Continuing the blog serialisation of my popular X-Pro Series lust/hate/love story:
Part 115: Lunchtime Legends: A Bit of Fun with the X-Pro1 and Leica M9
Let me start off by making something very clear – this is JUST A BIT OF FUN – I’m not looking to make any deep and meaningful comparisons. I’ll drop a few brief notes further down the page, but this is just a playful look at some pictures
Legendary digital cameras… they say that’s a thing now… that somehow some digital cameras will (or already have) achieve a legendary status.
Maybe. Digital products are fairly transient, I don’t just mean that every two or three years or so that a new version of a particular model comes out (because you don’t have to upgrade), I mean that batteries become unavailable, lead free solder life expectancy is not limitless and electrical components perish.
Truly legendary film cameras have the capacity to run and run… digital ones, well I’m not so convinced.
But that doesn’t stop people using the word ‘legendary’
So what might make a digital camera legendary?
Well I think, for my OPINION, it has to be the look to the images.
Two examples of cameras which have a following for their image prowess are the Fujifilm X-Pro1 and the Leica M9
Both of these models have been superseded by newer and better models (the imaginatively named X-Pro2 and M10 for example) but they each still have a fan base and each has a number of followers stating that in their opinion, the later versions never bettered the original in terms of look and feel from the images.
This article is just a bit of fun. It’s NOT a review (I’ve reviewed the X-Pro1 “quite” extensively already 🙂 and there’s many Leica blogs about the M9 out there)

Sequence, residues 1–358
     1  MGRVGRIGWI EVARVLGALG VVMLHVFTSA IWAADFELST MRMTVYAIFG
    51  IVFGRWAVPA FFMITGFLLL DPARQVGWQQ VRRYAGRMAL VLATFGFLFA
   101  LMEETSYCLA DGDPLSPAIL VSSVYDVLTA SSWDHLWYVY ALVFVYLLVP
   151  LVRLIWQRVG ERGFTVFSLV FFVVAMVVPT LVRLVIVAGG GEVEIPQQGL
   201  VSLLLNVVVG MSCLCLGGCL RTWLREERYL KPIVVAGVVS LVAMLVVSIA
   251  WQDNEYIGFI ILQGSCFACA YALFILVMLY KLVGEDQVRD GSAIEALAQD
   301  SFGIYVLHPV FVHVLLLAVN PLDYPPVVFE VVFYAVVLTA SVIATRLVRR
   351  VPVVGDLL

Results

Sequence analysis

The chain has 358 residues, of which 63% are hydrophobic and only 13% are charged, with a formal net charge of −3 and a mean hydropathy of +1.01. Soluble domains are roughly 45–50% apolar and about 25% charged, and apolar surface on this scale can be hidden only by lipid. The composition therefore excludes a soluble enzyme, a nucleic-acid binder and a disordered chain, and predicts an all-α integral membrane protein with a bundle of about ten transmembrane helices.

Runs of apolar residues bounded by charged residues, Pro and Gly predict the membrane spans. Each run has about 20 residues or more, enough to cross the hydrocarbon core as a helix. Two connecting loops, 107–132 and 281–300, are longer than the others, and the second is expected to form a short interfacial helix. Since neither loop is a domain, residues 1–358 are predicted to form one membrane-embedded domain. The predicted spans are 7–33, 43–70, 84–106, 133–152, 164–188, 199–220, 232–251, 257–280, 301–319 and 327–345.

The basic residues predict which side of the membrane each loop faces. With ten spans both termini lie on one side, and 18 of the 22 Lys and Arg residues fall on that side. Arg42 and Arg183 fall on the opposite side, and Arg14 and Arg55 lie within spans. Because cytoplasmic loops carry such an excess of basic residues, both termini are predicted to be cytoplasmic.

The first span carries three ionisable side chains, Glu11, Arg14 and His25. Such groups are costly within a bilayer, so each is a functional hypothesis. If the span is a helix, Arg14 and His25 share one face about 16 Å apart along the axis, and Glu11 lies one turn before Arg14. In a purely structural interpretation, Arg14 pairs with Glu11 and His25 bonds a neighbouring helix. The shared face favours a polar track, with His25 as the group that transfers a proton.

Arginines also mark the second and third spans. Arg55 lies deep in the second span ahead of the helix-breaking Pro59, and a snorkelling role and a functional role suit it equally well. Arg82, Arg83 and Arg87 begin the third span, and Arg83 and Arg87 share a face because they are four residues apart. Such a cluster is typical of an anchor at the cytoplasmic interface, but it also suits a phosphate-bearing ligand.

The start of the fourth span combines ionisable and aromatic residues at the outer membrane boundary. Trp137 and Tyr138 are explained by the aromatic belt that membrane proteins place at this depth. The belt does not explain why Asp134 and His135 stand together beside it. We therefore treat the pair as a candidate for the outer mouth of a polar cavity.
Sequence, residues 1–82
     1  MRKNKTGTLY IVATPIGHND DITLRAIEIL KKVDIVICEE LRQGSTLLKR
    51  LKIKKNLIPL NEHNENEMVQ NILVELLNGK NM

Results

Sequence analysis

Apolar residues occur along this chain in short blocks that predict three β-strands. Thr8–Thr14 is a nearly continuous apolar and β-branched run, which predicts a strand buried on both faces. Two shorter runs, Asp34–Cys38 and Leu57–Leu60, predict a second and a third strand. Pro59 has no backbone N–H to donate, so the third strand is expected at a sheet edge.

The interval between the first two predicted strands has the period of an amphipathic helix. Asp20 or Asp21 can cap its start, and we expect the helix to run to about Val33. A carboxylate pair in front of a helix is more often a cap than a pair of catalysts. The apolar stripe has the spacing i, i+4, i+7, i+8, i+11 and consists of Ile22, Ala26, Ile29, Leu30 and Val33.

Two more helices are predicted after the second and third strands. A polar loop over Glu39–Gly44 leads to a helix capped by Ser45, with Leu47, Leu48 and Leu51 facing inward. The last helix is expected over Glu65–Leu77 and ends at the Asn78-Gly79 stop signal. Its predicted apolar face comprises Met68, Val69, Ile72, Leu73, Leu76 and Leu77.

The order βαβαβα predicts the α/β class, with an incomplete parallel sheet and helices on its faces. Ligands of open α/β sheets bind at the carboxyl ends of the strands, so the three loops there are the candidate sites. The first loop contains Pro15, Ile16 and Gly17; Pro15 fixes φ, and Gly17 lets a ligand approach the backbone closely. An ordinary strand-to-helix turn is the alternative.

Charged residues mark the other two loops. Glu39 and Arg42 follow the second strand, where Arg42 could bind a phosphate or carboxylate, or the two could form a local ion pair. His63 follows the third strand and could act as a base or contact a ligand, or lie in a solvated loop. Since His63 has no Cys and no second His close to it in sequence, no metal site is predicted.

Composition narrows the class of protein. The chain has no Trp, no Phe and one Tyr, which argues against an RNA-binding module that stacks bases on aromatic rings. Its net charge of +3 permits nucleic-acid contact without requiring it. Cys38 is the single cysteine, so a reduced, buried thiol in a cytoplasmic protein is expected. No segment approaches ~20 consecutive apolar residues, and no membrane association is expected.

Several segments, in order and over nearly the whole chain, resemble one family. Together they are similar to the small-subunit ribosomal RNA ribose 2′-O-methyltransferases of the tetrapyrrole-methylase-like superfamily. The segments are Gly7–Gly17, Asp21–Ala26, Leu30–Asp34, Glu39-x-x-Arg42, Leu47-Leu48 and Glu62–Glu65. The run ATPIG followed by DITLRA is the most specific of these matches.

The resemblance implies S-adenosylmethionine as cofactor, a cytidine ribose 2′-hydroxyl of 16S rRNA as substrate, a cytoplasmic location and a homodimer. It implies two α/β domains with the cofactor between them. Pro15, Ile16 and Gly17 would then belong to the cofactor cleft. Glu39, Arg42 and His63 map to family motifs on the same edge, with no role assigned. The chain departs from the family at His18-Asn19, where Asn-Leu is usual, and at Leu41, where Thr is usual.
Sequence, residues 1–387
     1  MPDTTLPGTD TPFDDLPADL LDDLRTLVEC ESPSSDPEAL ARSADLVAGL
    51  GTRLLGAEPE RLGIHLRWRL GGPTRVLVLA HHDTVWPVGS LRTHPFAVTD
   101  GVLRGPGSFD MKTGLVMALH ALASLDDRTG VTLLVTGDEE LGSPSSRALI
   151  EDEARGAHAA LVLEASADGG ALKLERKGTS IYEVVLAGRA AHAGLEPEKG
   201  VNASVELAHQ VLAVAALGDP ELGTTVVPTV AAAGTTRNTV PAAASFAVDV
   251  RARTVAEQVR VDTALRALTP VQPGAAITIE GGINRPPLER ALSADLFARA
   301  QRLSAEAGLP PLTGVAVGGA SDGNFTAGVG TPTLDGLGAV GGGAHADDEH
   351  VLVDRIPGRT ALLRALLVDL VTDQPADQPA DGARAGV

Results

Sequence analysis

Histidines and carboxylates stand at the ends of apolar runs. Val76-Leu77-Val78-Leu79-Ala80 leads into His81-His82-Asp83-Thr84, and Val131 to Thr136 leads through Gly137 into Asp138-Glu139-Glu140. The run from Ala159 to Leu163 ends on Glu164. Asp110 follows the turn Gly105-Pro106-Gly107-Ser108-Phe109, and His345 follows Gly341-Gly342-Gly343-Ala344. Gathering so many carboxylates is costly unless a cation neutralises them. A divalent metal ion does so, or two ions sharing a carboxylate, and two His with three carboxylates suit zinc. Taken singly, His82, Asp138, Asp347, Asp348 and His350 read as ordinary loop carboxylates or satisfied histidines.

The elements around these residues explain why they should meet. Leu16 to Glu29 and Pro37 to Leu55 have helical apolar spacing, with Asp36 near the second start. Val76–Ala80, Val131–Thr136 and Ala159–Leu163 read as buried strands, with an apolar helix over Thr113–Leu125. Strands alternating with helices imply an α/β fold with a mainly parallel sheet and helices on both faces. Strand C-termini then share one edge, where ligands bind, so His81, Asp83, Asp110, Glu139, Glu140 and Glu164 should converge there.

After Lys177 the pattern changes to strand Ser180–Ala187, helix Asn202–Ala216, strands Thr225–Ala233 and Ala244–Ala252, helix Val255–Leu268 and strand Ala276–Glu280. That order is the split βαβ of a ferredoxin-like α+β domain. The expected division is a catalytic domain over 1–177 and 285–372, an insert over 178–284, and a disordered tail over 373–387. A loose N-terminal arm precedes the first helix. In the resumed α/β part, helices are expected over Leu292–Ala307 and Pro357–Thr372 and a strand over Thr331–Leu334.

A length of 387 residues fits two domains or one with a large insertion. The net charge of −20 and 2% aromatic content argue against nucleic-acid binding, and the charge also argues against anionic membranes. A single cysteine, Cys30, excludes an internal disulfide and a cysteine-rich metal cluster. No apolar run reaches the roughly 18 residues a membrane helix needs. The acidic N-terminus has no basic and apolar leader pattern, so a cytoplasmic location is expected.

This article is just a bit of fun. It’s NOT a comparison of “which camera makes the nicest images” (that’s largely subjective in terms of image look and feel, and in terms of capturing images the Fujifilm gives you more ISO, more DR and more tools to meter and ensure focus)
No, this article is just a bit of fun. Once hot, perhaps now merely tepid… two cameras linked only by the fact they have a big following, aren’t in production anymore and cost second hand a fraction of what they cost new (especially in the case of the X-Pro1 – but it’s funny maths no? The Fuji is many percent cheaper second hand than it cost new, but the Leica represents a far bigger drop in hard cash between the cost when it was new and the second hand value)
Now before I get into this… Let’s have a brief chat about each camera, and I mean brief.
The Leica feels better made mechanically, the Fuji feels more robust in terms of its operating system (software).
Both cameras are quite fiddly by modern standards, each requiring a combination of buttons on both the left and right hand side of the body. (For example, on the M9 you have to PRESS AND HOLD down the ISO button on the left, whilst simultaneously navigating to the desired ISO setting with the D pad or scroll wheel on the right) The Leica has 1/2 stops on the SS dial and aperture ring, but no way to set 1/3 stops (bar the EV wheel, that’s either menu based or can be blindly set with the scroll wheel), the Fuji needs the D pad for 1/3 SS stops, but does offer 1/3 stops on the lens.